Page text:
New technology will help cure mold in oil & gas wells

A new process that could treat oil & gas wells that have been contaminated by the oil &famp;gas industry is on track to be ready by mid-2018, according to a report from Oil Change International.

A new generation of technology developed by researchers at the University of Illinois, Urbana-Champaign, the Illinois Oil & Gas Association and the Texas A&M University School of Medicine could potentially remove more than 99 percent of oil &amping;gas contamination from the ground, said the report.

It also said that oil &gases could be removed in the near future, with the first phase being ready by 2020.

“With the use of advanced, highly accurate drilling techniques, the Texas team has created a new, highly efficient, and environmentally friendly drilling technique that could eliminate more than 98 percent of contaminants from oil &gas wells, and remove more contaminants than any other method currently on the market,” said the release.

The technology, which uses a modified drilling drill bit, would work on oil >gas wells and will be able to drill wells at depths of about 5 to 30 feet below the surface.

It could also be used on other types of oil and gas wells.

According to the report, the technology has been tested on a large scale and was found to be safe to use on more than 10,000 oil &gal;gas well sites.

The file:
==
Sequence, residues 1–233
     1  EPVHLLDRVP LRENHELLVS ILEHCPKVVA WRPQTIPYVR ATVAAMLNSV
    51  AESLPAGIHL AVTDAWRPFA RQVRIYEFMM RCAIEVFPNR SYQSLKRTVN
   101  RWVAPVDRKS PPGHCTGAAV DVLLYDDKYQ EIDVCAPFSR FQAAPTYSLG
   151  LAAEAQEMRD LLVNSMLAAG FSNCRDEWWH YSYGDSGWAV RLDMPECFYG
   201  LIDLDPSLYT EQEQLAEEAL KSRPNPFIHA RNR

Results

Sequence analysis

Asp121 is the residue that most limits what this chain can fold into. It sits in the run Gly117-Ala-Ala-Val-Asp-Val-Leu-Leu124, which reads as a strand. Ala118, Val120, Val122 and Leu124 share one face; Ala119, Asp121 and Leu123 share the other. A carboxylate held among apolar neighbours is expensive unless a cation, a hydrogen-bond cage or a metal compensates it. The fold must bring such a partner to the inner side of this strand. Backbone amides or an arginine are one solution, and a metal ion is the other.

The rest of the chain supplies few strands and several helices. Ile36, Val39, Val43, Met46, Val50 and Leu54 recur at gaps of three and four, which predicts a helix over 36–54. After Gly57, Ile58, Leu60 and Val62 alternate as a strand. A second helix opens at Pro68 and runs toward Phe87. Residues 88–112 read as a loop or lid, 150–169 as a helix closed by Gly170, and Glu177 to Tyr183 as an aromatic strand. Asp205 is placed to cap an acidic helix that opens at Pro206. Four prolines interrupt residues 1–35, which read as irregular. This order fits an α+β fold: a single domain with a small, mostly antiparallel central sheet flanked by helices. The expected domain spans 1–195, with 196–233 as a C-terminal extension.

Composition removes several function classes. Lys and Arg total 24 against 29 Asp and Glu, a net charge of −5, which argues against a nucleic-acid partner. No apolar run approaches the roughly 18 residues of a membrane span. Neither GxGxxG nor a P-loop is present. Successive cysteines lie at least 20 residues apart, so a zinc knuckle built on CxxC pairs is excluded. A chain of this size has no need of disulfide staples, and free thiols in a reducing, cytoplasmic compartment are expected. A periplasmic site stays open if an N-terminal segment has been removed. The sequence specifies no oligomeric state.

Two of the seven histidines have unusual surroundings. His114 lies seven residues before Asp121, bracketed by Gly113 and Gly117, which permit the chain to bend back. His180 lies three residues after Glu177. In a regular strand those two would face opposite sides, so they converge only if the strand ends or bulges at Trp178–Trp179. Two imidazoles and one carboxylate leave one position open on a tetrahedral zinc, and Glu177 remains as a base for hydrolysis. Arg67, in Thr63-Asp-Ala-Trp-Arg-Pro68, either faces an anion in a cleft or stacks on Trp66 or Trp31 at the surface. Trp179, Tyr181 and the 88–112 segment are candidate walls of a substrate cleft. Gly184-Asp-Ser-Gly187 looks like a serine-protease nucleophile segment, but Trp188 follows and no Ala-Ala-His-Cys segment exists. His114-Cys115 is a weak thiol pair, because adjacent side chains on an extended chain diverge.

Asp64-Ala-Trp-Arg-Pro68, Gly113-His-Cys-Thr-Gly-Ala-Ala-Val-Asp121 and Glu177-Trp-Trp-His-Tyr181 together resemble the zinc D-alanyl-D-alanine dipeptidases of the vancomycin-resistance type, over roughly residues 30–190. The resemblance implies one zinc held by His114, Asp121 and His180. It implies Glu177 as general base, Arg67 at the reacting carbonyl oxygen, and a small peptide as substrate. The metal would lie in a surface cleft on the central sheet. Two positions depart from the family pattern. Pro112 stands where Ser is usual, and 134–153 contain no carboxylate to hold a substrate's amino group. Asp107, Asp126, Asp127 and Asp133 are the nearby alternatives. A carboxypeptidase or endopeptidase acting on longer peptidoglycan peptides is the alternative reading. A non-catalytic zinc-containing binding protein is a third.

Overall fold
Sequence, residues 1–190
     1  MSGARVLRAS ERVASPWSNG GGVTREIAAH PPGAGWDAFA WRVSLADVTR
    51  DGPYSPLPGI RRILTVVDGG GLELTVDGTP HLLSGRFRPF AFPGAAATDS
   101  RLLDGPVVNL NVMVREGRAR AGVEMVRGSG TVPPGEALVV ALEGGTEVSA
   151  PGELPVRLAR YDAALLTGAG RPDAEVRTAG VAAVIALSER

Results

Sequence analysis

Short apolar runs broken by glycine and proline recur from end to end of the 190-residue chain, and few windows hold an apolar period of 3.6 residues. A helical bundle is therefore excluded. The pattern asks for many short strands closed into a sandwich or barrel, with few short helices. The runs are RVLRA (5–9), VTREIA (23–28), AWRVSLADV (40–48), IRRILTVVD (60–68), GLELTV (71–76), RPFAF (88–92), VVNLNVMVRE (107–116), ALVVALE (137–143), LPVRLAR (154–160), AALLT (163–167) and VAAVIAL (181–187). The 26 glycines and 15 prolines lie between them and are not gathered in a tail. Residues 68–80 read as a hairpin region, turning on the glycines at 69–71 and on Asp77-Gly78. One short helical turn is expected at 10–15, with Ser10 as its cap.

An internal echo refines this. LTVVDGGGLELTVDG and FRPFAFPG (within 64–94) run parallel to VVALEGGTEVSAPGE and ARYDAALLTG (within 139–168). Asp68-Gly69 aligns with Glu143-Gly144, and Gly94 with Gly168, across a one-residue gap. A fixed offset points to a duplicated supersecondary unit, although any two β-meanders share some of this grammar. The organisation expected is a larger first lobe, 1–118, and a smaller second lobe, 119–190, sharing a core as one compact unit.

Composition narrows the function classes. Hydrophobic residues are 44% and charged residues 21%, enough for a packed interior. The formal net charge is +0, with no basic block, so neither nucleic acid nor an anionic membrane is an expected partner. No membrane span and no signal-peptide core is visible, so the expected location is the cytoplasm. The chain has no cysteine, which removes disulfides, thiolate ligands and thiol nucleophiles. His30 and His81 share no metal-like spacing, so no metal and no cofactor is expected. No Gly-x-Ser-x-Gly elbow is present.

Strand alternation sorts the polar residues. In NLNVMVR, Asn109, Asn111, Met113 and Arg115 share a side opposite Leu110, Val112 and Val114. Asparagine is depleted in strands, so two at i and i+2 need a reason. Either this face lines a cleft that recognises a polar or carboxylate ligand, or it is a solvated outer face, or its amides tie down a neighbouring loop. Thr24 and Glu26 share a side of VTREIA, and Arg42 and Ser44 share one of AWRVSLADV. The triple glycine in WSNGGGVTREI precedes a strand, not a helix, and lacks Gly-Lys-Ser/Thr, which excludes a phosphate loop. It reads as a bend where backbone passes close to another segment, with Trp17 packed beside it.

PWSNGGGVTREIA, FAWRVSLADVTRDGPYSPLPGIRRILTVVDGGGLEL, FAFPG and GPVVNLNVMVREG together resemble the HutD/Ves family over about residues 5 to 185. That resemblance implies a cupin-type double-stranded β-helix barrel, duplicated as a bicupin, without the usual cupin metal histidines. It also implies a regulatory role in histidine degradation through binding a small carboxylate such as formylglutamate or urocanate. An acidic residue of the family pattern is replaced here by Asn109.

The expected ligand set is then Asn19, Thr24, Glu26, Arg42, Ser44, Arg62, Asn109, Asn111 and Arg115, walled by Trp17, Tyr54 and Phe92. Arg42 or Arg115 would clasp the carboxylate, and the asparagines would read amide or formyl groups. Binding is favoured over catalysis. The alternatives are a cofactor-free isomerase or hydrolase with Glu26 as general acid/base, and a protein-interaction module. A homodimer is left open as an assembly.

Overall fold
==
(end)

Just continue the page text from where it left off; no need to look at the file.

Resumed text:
The team is working to expand its technology to other types, such as oil &gar;gas and shale gas.

It will also be using the technology in the process of drilling new oil <gas deposits in Texas, Oklahoma and Texas and New Mexico.

It has been in the works for a while and it’s not something that was ever talked about, said Steve O’Brien, the chief operating officer of the Texas Oil &gas Association.

“We knew it was something that could work.

It’s really the right time for us to get the word out,” he said.

The Texas researchers will also have the ability to use the technology to drill for other types than oil &lgs&g;gas, including oil &s&amp=amp;gar;s>g&amp ; gas, said Brian Mertz, a professor of petroleum engineering at the UI and a member of the team.

O’Brian said the technology would be a boon to drillers in the state.

“This is a really exciting time for Texas oil &gs&gt=;gas companies.

They have an opportunity to be successful, because we are in a boom right now in terms of drilling activity,” he told Reuters.

“The technology will be really useful for us, especially as we go through the winter.”